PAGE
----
The United States will host a new-look expanded 32-team Club World Cup in 2025, governing body FIFA announced Friday.
The move means the U.S. will host major tournaments for three successive summers, culminating in the 2026 World Cup which will be co-hosted with Mexico and Canada.
In 2024, an expanded Copa America, featuring national teams from South America and the CONCACAF region, will be held in the United States.
The existing Club World Cup, which began in 2000, has struggled to capture global attention and FIFA president Gianni Infantino has long targeted an expansion to bring the top clubs from Europe, South America and the rest of the world into a tournament format.
The most recent edition was held in Morocco in February and featured just seven teams.
“The Club World Cup 2025 will be the pinnacle of elite professional men’s club football, and with the required infrastructure in place together with a massive local interest, the United States is the ideal host to kick off this new, global tournament,” said Infantino.
While many of the qualification slots remain to be decided, the tournament will feature the likes of Real Madrid, Manchester City, Chelsea, Brazilian clubs Flamengo and Palmeiras, Mexican team Leon and Seattle Sounders from Major League Soccer.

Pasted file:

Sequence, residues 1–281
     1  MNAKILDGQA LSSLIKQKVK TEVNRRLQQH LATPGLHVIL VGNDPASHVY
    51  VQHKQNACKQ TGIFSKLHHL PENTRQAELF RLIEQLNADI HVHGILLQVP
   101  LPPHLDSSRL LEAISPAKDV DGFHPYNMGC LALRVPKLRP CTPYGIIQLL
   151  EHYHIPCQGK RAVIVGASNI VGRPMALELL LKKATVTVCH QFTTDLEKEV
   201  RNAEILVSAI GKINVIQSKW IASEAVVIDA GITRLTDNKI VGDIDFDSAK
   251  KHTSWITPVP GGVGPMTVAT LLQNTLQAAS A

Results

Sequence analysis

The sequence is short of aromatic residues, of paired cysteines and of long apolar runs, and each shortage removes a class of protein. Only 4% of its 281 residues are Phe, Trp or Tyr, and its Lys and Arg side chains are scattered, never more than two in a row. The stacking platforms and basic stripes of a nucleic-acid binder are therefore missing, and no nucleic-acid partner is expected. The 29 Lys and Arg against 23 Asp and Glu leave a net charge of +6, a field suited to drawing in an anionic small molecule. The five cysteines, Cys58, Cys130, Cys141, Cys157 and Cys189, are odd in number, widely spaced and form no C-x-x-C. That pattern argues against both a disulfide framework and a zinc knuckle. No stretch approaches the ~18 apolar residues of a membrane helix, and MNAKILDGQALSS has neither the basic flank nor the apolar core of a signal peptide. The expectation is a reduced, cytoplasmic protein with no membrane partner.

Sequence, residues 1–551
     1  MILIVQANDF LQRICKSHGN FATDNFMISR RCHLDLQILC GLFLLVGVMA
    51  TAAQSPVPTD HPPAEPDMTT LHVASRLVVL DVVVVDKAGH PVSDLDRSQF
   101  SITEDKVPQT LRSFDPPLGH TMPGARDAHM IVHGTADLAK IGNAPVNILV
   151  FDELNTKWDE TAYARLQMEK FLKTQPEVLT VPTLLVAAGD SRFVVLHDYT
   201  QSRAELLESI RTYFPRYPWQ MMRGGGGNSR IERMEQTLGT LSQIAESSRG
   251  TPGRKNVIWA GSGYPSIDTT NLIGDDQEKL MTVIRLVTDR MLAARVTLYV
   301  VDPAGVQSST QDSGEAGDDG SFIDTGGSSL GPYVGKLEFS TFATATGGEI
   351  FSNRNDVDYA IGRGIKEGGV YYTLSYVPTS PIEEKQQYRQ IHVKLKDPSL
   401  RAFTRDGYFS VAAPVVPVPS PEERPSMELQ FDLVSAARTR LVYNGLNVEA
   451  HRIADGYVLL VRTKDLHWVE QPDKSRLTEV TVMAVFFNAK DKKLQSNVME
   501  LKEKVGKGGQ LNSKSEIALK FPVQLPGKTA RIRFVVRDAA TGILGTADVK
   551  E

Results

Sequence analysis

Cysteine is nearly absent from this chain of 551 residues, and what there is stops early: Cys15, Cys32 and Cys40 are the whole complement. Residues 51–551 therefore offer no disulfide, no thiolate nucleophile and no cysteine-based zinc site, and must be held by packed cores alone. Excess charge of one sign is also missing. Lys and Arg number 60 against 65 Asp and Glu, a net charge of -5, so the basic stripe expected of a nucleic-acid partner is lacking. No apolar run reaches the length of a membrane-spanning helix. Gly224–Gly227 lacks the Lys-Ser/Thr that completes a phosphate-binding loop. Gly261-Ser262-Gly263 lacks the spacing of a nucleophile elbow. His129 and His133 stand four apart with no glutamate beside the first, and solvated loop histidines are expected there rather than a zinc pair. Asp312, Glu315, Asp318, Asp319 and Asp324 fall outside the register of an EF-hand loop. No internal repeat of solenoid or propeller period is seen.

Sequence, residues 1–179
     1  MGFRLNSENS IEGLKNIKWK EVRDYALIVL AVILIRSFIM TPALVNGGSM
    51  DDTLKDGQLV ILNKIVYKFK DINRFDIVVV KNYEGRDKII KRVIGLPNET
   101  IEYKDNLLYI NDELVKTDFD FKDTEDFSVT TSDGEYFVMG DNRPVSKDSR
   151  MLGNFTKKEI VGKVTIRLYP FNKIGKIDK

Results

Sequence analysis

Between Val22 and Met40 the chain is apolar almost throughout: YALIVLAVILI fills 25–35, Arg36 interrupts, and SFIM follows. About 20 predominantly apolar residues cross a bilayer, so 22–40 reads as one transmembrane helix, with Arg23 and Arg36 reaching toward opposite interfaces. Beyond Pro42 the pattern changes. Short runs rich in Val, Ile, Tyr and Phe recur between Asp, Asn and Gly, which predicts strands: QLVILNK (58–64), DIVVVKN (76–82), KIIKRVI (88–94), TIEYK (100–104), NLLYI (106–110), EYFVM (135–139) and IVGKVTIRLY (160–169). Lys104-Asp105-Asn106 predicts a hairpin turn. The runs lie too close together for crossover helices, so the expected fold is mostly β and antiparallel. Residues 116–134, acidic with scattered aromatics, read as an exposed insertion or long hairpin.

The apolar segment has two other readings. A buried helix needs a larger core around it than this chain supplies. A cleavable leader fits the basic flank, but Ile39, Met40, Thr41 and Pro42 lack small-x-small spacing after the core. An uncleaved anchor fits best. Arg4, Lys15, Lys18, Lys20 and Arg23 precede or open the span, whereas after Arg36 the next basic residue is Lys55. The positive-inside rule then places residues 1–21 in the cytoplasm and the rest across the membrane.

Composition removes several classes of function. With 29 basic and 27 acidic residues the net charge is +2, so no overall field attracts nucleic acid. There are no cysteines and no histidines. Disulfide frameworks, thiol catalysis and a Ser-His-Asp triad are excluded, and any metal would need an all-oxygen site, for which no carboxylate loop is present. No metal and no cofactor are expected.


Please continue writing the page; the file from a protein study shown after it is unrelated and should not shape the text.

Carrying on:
The dates, host cities and match schedule for the tournament will be established at a later date, FIFA said.
FIFA decided in February that the new competition will feature 12 teams from Europe, six from South America and four representatives each from Asia, Africa and CONCACAF, which includes North and Central America and the Caribbean.
The Oceania region will also be given one slot and the host nation is guaranteed a place in the tournament.
The European participants will include the winners of last five Champions Leagues.
The new tournament will, like the national team World Cup, be held every four years.
The last edition in the smaller format is scheduled to be played in Saudi Arabia in December.
Teams from South America will qualify through the Copa Libertadores and CONMEBOL’s rankings.
FIFA is setting up operations in the United States with offices in Miami and recently signed an agreement to work jointly with CONCACAF on regional tournaments such as the Gold Cup and Nations League.
FIFA also announced on Friday it was pushing back the decision on the host of the 2030 World Cup from September or October to the second half of next year “to ensure additional consultation with all key stakeholders.”
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